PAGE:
Google Ads 2020: Here Is What Changed

We break down the major changes to Google Ads in 2020.

In a year filled with change, Google Ads was no exception.

The platform that remains the king of PPC made several permanent changes marketers should know about.

In case you missed them, we've gathered them all into one document here.

1. Disappearing Search Terms

In September Google Ads announced that fewer queries would be shown in its search terms report.

Since up to 40% of clicks can come from queries with low search volume, this change complicated life for PPC marketers who use the search terms report to scout out keywords with low volume but high conversions.

Google framed the change as protecting the privacy of its searchers, but more likely it was to conceal the increasingly broad keywords that ads were being triggered for.

2. Free listings on Google Shopping

Before 2020, advertisers had to pay to list their products on Google Shopping.

In a sign that Google was losing out in the ecommerce battle to Amazon and Facebook, in April Google decided to let all advertisers list their products on Google Shopping for free.

Google framed the change as helping small businesses during the pandemic when COVID had just began and lockdowns were everywhere.

More likely, Google Shopping has never actually caught on among businesses and advertisers, and it was Amazon that forced Google's hand.

3. Lead Form Extensions

Lead forms are a popular lead generation tool for LinkedIn, Instagram and Facebook.

When clicked on, users are taken to a form they fill out that gathers information useful to a company when they follow up with them later in their CRM.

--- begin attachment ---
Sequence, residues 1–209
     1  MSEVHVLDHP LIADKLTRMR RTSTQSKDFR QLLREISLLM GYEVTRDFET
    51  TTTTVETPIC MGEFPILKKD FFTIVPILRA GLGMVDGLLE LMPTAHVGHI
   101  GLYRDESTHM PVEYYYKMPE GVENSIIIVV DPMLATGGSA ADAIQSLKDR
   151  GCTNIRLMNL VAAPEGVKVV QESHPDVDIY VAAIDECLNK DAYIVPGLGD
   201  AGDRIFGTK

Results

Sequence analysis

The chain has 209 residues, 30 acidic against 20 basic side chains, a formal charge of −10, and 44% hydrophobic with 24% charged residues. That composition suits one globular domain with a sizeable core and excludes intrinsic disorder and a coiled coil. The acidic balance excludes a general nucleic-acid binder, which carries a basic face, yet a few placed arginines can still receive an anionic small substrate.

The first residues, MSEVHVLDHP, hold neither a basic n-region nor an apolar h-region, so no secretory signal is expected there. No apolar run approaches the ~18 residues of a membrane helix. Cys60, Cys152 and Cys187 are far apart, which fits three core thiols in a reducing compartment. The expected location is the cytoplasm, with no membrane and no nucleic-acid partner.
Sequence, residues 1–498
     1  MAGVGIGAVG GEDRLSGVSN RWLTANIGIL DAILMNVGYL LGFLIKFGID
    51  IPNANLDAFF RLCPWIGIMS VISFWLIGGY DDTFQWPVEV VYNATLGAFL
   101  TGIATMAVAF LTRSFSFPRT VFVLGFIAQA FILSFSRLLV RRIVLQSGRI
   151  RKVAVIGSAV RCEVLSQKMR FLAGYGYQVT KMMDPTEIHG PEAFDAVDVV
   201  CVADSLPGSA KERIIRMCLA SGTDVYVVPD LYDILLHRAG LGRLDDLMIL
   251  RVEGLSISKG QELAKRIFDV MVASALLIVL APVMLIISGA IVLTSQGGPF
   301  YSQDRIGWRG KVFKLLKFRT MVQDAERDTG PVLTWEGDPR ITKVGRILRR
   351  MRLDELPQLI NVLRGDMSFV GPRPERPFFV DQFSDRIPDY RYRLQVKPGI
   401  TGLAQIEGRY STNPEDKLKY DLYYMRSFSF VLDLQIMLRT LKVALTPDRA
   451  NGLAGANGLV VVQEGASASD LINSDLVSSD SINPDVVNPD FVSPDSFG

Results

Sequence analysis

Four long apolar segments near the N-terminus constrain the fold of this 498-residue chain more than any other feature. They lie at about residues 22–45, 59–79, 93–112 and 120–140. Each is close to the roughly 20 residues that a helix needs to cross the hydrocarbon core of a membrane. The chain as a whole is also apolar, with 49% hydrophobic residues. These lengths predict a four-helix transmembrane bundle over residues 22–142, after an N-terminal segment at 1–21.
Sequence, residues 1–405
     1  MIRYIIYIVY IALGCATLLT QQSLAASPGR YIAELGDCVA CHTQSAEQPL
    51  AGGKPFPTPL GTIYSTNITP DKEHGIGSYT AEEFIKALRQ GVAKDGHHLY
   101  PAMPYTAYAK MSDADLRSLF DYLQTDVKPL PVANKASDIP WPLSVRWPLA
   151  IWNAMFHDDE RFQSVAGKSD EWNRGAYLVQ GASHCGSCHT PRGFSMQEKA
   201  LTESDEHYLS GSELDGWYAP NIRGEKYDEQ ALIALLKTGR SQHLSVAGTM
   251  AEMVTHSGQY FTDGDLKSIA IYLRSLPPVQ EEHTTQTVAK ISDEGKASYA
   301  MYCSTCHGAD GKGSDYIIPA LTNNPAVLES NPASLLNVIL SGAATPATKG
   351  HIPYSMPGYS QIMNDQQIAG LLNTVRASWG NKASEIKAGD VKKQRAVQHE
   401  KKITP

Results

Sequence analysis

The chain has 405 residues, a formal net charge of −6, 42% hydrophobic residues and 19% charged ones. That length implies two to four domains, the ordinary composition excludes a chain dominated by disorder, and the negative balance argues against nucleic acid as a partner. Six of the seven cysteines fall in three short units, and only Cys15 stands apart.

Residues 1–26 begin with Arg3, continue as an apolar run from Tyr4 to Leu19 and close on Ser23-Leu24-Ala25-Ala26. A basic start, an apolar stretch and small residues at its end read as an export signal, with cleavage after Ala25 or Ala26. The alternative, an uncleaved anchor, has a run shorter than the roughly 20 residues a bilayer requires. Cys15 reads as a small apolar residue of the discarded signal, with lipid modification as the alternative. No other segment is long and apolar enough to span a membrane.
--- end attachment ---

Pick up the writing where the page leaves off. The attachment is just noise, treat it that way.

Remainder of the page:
Traditionally Google focused on taking users to landing pages when they click on an ad.

Beginning in 2020, Google advertisers can use lead form extensions on Google Search ads, YouTube ads and Discovery ads.

4. More automation

Google's push to automize more and more of its ads didn't stop in 2020. In particular, Responsive Search Ads and Responsive Display Ads got pushed forward with new changes.

With Responsive Display Ads (RDAs) marketers now have the ability to upload multiple headlines, description liens, images and logos in different aspect ratios, and Google will dynamically create ad units using different combinations of each.

After data begins to come in, Google will automatically begin showing the ads that perform the best, usually taking about two weeks for Google to give scores of 'Best', 'Good' and 'Low' on each combination.

Responsive Search Ads work in the same way, and advertisers can include as much as 15 headlines and 5 different descriptions.

5. New bidding strategies

Finally, Google made some changes to update the amount of bidding recommendations it gives to users.

These recommendations should be taken with a grain of salt. While implementing Google's recommendations can certainly lead to higher clicks and impressions, they do not consider internal metrics such as profitably, and therefore they can eat away your budget.

Google's recommendations work best when they are implemented using a high budget.

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